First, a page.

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Mailing list for the LaTeX3 project <[log in to unmask]>
Sat, 30 Aug 2014 18:52:39 -0400
Mailing list for the LaTeX3 project <[log in to unmask]>
<[log in to unmask]> (Will Robertson's message of "Sun, 24 Aug 2014 11:23:25 +0930")
Sean Allred <[log in to unmask]>
text/plain (112 lines)
> On the other hand I do see Joseph's point that when you have just one
> or two actually mandatory arguments that writing the following is a
> bit ugly:
>     \UseInstance{crossref}{latex2e}{ label = #1 }
That's a fair point, but I would raise that this case is duplicated in
other style languages.  In CSS, we favor consistent syntax over ease of

    pre .tex-comment {
      color: #BBB;

vs. the TeX-style

    pre .tex-comment #BBB

simply because the extension of this pattern yields confusing

    pre .tex-comment {
      color: #BBB;
      font-weight: bold;
      some: made-up;
      properties: for-the;
      purpose-of: example;

would necessarily become

    pre .tex-comment #BBB bold made-up for-the example;

When you think about it, it's not that extreme of an example.  Like
templates, style sheets are written once and used many times over.
Clear definitions in the language are preferred over better pars in code
golf.  While it's awkward in the single-property case, the consistency
is worth it.  In the end, it's less for a new user to learn.

I'll take a stab at my own argument and say that, in the case of CSS,
*everything* is optional, so it's a poor choice for an example.  I hope
that this doesn't detract from what I'm trying to say, though :)

> So according to the situation you could have either
>     \UseInstance{...}{...}{arg one}{arg two}{arg three}
> or
>     \UseInstance{...}{...}{ arg-one=... , arg-two=..., arg-three=... }
> or even a combination of the two:
>     \UseInstance{...}{...}{arg one}{ arg-two=..., arg-three=... }
Were you able to take a peek at the proposal document I sent out?

Given the limitations of purely positional arguments, I feel that I make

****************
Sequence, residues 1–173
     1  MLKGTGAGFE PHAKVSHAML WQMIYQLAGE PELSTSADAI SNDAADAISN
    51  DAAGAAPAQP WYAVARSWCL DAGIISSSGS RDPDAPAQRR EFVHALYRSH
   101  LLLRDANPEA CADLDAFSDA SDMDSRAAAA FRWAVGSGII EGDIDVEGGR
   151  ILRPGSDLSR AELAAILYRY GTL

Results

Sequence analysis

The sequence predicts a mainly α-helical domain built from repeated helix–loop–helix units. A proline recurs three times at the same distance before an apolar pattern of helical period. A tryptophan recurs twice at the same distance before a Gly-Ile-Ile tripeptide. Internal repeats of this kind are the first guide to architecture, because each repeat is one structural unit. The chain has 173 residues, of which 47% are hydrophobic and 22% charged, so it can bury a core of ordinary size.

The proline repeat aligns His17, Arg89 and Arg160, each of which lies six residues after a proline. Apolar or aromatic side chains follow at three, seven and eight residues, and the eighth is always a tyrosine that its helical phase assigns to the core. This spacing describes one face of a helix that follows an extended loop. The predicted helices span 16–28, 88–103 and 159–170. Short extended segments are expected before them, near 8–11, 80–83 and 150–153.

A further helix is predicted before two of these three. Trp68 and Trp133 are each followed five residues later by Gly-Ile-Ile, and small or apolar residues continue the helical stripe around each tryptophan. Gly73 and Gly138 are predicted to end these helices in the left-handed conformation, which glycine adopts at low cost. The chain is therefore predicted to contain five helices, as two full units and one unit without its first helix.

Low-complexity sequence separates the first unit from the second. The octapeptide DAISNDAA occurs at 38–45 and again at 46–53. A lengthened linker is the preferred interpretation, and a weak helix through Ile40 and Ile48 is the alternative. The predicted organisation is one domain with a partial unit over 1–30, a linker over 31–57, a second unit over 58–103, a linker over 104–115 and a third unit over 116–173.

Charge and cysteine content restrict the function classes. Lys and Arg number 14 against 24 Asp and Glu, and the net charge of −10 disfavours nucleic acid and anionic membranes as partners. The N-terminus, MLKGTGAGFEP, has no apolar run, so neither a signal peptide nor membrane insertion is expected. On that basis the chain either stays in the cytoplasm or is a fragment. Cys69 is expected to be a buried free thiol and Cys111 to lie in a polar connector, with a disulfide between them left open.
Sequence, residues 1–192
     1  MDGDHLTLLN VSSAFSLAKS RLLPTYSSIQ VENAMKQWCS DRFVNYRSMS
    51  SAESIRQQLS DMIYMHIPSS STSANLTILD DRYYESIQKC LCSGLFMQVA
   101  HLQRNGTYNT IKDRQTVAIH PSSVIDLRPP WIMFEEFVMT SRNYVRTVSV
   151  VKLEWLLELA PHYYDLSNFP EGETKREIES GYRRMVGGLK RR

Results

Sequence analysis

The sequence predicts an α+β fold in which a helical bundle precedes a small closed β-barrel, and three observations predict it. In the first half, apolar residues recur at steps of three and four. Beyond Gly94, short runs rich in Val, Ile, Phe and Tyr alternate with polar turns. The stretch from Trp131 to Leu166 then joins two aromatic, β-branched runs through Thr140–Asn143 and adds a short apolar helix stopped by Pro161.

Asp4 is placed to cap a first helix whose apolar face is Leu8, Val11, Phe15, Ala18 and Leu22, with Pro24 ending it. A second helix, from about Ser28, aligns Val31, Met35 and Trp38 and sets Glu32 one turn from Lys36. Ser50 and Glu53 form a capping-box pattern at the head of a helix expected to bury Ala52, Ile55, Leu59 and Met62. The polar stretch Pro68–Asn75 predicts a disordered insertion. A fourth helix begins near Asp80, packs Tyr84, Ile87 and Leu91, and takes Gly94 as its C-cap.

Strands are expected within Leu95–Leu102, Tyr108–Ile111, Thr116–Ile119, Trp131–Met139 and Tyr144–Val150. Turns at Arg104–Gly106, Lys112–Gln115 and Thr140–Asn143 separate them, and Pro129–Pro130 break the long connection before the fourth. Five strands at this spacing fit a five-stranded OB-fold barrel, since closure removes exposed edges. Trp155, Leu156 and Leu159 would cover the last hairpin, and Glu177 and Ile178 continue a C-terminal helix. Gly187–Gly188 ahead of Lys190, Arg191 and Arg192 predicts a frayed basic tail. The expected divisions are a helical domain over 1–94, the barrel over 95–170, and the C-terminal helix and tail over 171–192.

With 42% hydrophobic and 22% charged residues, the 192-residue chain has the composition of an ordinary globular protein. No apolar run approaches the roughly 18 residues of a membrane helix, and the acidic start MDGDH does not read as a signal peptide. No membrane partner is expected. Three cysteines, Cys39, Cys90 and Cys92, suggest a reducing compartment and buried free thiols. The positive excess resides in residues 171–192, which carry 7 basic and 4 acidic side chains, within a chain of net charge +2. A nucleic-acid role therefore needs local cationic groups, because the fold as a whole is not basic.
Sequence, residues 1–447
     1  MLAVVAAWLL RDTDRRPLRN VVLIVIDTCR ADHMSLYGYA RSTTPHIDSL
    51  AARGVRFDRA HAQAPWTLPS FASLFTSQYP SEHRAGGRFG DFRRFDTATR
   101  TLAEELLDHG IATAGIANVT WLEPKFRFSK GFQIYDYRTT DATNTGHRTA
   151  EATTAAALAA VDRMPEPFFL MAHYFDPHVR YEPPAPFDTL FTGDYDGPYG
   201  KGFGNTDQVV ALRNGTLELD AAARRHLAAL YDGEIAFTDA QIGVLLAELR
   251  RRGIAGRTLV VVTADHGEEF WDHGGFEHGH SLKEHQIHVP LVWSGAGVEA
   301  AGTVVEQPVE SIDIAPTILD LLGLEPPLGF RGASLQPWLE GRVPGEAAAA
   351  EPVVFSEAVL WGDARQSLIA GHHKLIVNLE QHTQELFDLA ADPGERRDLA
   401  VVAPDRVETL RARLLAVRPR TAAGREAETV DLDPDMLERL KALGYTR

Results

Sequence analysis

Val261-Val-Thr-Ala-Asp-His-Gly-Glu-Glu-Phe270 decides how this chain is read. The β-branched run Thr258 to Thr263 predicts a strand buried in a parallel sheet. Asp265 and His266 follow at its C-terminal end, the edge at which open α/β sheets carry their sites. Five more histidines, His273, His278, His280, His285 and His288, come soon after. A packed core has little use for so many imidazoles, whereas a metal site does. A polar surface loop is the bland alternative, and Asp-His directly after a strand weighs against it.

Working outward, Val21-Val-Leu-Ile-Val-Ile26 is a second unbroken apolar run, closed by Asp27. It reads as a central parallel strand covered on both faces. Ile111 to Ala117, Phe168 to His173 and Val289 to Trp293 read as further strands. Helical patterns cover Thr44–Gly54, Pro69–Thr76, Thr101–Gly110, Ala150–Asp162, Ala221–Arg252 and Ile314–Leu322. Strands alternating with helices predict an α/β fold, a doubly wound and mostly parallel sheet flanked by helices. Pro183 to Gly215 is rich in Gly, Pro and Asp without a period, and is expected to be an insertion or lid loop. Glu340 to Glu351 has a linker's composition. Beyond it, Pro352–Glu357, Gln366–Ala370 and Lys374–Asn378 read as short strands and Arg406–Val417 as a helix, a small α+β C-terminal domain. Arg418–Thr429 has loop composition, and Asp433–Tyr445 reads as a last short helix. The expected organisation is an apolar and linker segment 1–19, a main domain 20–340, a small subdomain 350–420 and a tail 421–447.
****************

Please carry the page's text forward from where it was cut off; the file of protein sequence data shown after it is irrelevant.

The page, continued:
a pretty good case for keyval-based arguments.  Presuming the arguments
against positional arguments are persuasive, the language impurity
introduced by the hybrid option doesn't sit well with me.  If I were a
new user to the system, I would be confused that I could name some
arguments but I wasn't able to name the positional ones.  It just
feels... wrong :).

To clip a bit from the above-mentioned proposal, something like this
seems most inline with the existing paradigm:

    \DeclareObjectType { name }
        first  : tokenlist ,
        middle : tokenlist ,
        last   : tokenlist ,
        first  : .required ,
        last   : .required ,

or the more concise

    \DeclareObjectType { name }
        first  : tokenlist! , %    bang => required
        middle : tokenlist  , % no bang => optional
        last   : tokenlist! ,

A case that I just thought of is the case of dependent arguments ---
those arguments that are optional, but require an additional piece of
(normally optional) data to be used, such as `epithet` and
`epither-credit`, for example.  Perhaps something like

    \DeclareObjectType { chapter }
        title : tokenlist!                     ,
        epigraph : tokenlist                   ,
        epigraph-credit : tokenlist!(epigraph) ,


    \DeclareObjectType { chapter }
        title : tokenlist                    ,
        title : .required                    ,
        epigraph : tokenlist                 ,
        epigraph-credit : tokenlist          ,
        epigraph-credit : .requires epigraph ,

All the best,